Librarians’ big little cookbook idea

Jenne Bergstrom and Miko Osada have published a book of recipes based on the Louisa May Alcott novel Little Women.

Local librarians and co-authors Jenne Berg­strom and Miko Osada first read Little Women in different languages as young girls growing up in completely different cities. Decades later, they were approached by publisher Casie Vogel, who found them through their food blog and asked if they would consider authoring an entire cookbook based on the novel.

On Oct. 29, they released The Little Women Cookbook: Novel Takes on Classic Recipes from Meg, Jo, Beth, Amy, and Friends.

Drawing on their shared experience writing together on their food blog, 36 Eggs, the librar­ians divvied up the work to crank out a first draft by April, 2019.

“Miko really likes to do research and I like to cook. She wrote every single food mentioned in the book then started researching period recipes, and put together a timeline. For example, they would have had raspberries instead of strawber­ries this time of year,” Bergstrom said.

Bergstrom took the period recipes unearthed by Osada and reworked them with modern equiv­alences, keeping history in mind as a factor in the ingredients. She mentions the type of flour used, the leavening involved in baking recipes, the varying size of eggs gathered from Civil-war era chickens compared with those purchased in a standardized package from a modern grocery store as just a few things she had to keep in mind when experimenting with the recipes.

It was Bergstrom who tested the recipes in the kitchen as well. Although she says there was some tedium in the endless work of preparing the ingredients, she enjoyed when recipes turned out well and proved accurate in practice.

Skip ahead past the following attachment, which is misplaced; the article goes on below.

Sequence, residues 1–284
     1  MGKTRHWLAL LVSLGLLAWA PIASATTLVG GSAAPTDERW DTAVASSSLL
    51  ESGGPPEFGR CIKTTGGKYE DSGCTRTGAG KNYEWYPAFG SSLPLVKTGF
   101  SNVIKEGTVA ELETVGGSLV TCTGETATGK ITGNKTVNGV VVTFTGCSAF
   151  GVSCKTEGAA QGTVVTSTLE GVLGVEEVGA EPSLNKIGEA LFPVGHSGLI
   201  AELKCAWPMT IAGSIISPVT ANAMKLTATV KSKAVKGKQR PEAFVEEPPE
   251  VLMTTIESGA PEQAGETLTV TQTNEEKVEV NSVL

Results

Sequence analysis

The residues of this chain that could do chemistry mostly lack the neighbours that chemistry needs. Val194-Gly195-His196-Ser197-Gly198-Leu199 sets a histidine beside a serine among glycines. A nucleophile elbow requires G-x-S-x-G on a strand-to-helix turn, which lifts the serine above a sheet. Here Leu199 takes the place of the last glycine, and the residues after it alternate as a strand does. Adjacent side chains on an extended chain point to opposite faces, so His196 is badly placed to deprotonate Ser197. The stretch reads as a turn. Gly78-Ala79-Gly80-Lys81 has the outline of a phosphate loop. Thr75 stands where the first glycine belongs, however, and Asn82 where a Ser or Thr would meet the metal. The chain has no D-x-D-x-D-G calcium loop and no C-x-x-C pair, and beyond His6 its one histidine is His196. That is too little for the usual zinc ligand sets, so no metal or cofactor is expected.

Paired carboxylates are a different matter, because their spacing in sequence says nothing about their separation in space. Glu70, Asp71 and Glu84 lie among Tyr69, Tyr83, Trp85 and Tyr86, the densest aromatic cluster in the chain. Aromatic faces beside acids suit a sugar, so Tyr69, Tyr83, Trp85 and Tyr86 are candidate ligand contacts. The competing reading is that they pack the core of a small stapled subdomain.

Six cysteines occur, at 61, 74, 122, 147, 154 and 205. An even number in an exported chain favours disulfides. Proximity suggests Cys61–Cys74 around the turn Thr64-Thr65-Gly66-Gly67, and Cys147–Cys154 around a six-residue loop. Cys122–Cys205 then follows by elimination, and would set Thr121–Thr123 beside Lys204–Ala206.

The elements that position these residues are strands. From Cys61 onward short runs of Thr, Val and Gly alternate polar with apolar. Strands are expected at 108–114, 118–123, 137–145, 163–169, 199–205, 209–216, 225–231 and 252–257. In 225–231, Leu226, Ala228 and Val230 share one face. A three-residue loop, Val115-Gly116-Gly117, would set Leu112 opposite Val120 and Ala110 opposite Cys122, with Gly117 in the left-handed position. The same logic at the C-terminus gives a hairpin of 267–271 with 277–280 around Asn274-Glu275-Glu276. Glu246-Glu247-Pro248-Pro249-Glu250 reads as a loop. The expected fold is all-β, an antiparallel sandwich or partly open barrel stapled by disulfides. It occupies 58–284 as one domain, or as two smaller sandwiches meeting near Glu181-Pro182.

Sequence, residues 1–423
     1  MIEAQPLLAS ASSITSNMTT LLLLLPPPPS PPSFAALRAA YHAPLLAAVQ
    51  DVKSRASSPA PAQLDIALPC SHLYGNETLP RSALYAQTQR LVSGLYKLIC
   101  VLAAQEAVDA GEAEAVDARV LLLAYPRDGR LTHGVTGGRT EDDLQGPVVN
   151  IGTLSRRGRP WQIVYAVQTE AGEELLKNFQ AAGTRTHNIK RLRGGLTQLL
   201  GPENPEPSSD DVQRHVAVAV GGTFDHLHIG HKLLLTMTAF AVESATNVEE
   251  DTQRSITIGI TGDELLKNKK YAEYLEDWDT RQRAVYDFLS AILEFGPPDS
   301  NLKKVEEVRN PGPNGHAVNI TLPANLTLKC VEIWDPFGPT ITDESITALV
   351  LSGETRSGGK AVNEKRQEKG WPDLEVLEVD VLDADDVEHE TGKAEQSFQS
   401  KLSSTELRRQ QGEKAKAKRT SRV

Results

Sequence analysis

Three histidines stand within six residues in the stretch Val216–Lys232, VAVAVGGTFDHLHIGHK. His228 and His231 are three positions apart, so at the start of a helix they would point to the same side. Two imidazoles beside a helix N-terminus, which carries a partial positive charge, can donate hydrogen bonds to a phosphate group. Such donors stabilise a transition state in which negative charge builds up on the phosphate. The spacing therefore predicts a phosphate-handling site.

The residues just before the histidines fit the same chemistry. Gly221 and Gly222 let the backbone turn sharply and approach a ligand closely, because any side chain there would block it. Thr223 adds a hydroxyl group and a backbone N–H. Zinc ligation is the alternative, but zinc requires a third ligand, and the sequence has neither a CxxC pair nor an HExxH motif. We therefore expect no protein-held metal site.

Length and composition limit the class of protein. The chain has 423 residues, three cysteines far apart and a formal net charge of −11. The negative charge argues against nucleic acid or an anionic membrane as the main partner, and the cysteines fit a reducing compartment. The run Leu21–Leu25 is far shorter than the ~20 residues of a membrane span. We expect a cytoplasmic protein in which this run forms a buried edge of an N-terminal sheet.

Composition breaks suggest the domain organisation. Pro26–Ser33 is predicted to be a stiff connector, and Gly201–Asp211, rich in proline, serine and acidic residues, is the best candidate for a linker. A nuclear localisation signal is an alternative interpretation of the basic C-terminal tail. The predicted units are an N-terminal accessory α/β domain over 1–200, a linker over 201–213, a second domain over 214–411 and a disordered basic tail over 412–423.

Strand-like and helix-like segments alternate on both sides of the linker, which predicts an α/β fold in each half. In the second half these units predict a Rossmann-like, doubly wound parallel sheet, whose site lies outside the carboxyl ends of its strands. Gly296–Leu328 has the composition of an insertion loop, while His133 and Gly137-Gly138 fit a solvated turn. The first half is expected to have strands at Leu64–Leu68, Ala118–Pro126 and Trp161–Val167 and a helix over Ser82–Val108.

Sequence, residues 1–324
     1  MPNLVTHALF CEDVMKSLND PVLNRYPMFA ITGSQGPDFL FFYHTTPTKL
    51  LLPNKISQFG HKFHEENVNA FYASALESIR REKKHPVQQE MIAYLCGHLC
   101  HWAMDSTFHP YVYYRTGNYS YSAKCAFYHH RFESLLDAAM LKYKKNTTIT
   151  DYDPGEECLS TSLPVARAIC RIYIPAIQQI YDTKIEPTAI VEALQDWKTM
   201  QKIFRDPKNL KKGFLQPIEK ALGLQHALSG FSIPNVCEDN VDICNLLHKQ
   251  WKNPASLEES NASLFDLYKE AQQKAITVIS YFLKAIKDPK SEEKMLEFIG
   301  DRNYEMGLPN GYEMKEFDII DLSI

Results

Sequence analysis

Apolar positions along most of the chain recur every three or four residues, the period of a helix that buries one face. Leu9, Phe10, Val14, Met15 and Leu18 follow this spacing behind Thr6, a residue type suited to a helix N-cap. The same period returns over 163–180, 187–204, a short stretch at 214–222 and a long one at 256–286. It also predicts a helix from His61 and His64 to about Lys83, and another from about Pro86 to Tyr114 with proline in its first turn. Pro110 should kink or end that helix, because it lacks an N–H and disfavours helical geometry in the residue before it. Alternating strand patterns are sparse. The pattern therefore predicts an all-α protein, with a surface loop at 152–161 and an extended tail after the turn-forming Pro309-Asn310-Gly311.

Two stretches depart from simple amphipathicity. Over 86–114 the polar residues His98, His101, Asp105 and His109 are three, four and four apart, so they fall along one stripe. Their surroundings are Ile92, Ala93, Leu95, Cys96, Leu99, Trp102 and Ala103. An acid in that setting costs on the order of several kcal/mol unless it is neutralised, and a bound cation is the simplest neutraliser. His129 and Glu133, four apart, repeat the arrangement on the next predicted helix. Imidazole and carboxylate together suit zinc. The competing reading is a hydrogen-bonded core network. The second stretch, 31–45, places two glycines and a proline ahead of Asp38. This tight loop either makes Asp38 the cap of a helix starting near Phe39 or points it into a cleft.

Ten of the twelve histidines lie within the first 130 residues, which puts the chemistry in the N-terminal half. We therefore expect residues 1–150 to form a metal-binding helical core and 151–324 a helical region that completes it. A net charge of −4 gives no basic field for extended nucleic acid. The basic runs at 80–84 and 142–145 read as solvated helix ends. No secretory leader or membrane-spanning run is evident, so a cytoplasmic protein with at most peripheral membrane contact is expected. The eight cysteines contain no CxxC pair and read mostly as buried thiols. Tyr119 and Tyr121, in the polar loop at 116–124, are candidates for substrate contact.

While Bergstrom did most of the footwork in the kitchen, she credits Osada with developing the structure of the cookbook.

“We kind of split up the different sections then Miko made a whole outline. She came up with the idea of doing it by character,” Bergstrom said.

Osada is also the one who created the personal­ity quiz found at the front of the book so readers who are not completely familiar with the March sisters can identify which character they most resemble. She admits in a deadpan voice that she most identifies with unpopular Amy.

“I actually struggled with writing essays in high school… I also don’t love to cook but I really like researching and my favorite part of the experience was eating the food,” Osada said.

The authors claim that they are very different in their ap­proach to cooking and writing, yet agree they share common­alities that aren’t immediately noticeable. The librarians both grew up in small towns and by chance, both attended Oberlin College where they volunteered at the same library, years apart.

For Bergstrom, much of the appeal of the experience was in taking such a beloved novel and creating the recipes based on fa­miliar characters. She says her biggest challenge in construct­ing the cookbook was writing the narrative sections, but she enjoyed putting together the sidebars of historical informa­tion. She gives the example of the many mentions of lobster throughout the novel— it was not considered an elegant food at the time and would have been a staple at weekly meals in the Northeast during that era.

Osada says writing the cook­book was the first time she thought of the characters as modern day people. Her first introduction to the story of Lit­tle Women was through a film dubbed in Japanese; she initially read a Japanese translation of the novel when she was about nine years old. Around that time, she decided she wanted to work in a library after meeting a local children’s librarian dressed up as Amelia Bedelia.

Bergstrom also read the book around the same age but had no inclination to become a librar­ian or an author as a child. She was standing in the college bookstore purchasing textbooks when she had a change of heart and decided to take a second look at what she had planned for herself. She says that the food blog and the book that grew from that blog were never in her plans but she loves the el­ement of randomness involved with her work.

“It was never ‘someday I’ll have a book with my name on it’, we started writing this blog for the fun of it. We’ve never tried to make it popular or promote it,” Bergstrom said

For now, the authors are satis­fied with the cookbook, which they say is available online and describe as the purple one, giv­en that a rival cookbook was released slightly ahead of their own. They have not ruled out duplicating the experience with another book but say it would have to fit into their lives or be another novel they feel strongly about.


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